One close adviser to the prime minister blames the country’s current problems on the 1995 constitution, which divided the country into nine ethnically defined regions. “The TPLF fostered ethnic politics and institutionalised division,” he says. “Instead of one country, they made this into a collection of different ethnic groups to divide and rule us.”
Far from unifying the country, the war against the TPLF was more likely to divide it further, says Mulugeta at Soas. “My suspicion is that this conflict in Tigray emboldens centrifugal forces who want to break away from the country,” he says.
Every transition in Ethiopia since the fall of Emperor Haile Selassie in 1974 has been violent, say analysts. Hopes that Abiy could engineer a peaceful change of guard appear to have failed. Now, as elections approach, Abiy needs to push his vision of a united country. “The election is consequential yet also challenging,” he told parliament last month.
But even in his own region of Oromia, many are suspicious of his pan-Ethiopian message. Some see it as a return to a centralised state that tramples on the rights of the Oromo and other communities that believe they have been marginalised.
Jawar Mohammed, a prominent Oromo leader, has been jailed and faces charges of “inciting ethnic and religious strife”. That removes one of Abiy’s strongest political opponents, but could also undermine the legitimacy of any electoral mandate the prime minister secures in June.
“We are against an Ethiopia that promotes one nation, one language, one religion,” says Kumsa Dirriba, known by his nom de guerre Jaal Marroo, leader of the Oromo Liberation Army, an armed group accused of kidnappings and bomb attacks. “We are more than 80 nations and nationalities living in this country and we want an Ethiopia that treats all these nations equally.”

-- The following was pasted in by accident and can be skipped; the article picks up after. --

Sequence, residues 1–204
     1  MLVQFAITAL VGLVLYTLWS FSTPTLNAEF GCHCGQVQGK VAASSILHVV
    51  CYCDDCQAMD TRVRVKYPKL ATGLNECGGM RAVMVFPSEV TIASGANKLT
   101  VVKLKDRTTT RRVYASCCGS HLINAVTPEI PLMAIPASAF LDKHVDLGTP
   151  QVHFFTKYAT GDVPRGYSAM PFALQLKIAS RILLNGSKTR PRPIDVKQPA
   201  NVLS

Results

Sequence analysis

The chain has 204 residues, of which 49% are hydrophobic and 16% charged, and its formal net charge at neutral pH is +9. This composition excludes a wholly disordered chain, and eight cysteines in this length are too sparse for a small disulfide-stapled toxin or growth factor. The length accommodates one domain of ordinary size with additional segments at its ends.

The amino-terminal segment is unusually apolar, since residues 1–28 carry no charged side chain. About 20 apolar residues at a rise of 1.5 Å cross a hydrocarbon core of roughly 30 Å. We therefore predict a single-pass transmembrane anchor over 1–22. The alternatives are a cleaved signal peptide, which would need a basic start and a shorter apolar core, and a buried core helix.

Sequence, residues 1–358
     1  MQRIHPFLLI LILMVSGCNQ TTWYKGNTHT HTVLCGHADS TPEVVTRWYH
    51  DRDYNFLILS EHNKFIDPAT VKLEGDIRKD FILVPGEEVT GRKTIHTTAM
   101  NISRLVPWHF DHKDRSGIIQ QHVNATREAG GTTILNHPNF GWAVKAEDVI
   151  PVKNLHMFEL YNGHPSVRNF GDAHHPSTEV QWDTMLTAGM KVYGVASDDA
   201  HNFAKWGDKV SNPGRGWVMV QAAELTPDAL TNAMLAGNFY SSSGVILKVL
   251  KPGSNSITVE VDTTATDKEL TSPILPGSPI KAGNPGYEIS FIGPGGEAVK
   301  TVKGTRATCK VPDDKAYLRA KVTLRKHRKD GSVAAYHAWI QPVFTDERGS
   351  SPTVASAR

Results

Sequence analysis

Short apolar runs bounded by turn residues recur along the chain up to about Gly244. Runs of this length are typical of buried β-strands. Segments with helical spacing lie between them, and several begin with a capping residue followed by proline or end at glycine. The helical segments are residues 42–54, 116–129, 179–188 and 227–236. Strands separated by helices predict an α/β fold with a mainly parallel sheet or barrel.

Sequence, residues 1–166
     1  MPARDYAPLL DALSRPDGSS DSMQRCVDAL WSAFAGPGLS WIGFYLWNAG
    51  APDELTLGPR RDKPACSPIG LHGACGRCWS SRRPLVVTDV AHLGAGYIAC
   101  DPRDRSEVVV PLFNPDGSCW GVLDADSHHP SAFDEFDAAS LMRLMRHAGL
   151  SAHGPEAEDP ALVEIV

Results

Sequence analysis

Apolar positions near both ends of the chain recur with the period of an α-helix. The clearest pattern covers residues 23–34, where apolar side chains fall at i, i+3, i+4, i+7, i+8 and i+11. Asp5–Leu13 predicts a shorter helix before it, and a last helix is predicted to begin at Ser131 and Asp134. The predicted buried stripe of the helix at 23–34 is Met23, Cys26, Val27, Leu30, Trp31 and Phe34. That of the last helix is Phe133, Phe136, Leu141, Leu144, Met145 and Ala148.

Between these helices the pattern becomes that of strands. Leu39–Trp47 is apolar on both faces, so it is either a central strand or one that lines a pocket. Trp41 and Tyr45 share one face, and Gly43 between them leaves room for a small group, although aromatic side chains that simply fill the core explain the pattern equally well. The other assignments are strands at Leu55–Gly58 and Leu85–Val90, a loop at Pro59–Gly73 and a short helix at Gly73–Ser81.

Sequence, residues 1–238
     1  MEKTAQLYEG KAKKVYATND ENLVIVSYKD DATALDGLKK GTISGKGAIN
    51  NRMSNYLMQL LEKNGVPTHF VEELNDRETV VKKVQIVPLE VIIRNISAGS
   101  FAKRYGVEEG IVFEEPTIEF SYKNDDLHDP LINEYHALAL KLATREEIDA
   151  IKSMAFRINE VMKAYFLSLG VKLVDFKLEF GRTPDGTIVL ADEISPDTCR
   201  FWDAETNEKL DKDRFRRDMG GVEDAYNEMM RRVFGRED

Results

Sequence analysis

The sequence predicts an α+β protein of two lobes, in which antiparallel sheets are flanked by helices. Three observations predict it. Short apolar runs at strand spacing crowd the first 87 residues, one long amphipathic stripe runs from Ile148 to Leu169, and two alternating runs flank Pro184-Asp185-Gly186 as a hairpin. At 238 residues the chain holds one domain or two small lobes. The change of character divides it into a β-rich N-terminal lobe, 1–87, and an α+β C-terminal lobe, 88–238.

The TPLF itself continues to fight in Tigray’s central-south regions, while some top leaders have evaded capture by Abiy’s federal forces. A senior official, speaking on condition of anonymity, conceded that the war has turned the region decisively against the central government. For the first time in decades, many Tigrayans are talking about outright secession, which is allowed under the current constitution. “Tigrayans today don’t want to be part of Ethiopia because of these crimes,” he says.
Kahsay Tesfay, a 66-year-old Tigrayan builder, agrees. The conflict, he says, is the worst in his lifetime, worse even than the TPLF uprising against the Derg and the Ethiopia-Eritrea war.
In February, Kahsay lost one son. He was sitting by the bed of another, 16-year-old Mikael, whose gangrenous foot was about to be amputated. Mikael, who still dreams of playing football, was caught up in a bomb blast in the town of Bizet, close to the border with Eritrea. “I was walking back home in the afternoon after delivering a message to my family,” he says of the moment before the bomb shattered his foot.
“Even children are suffering like animals,” adds his father, speaking in a hospital in Mekelle. Bed after bed was filled with the victims of war. Ethiopia, he says is “never going to be the same again”.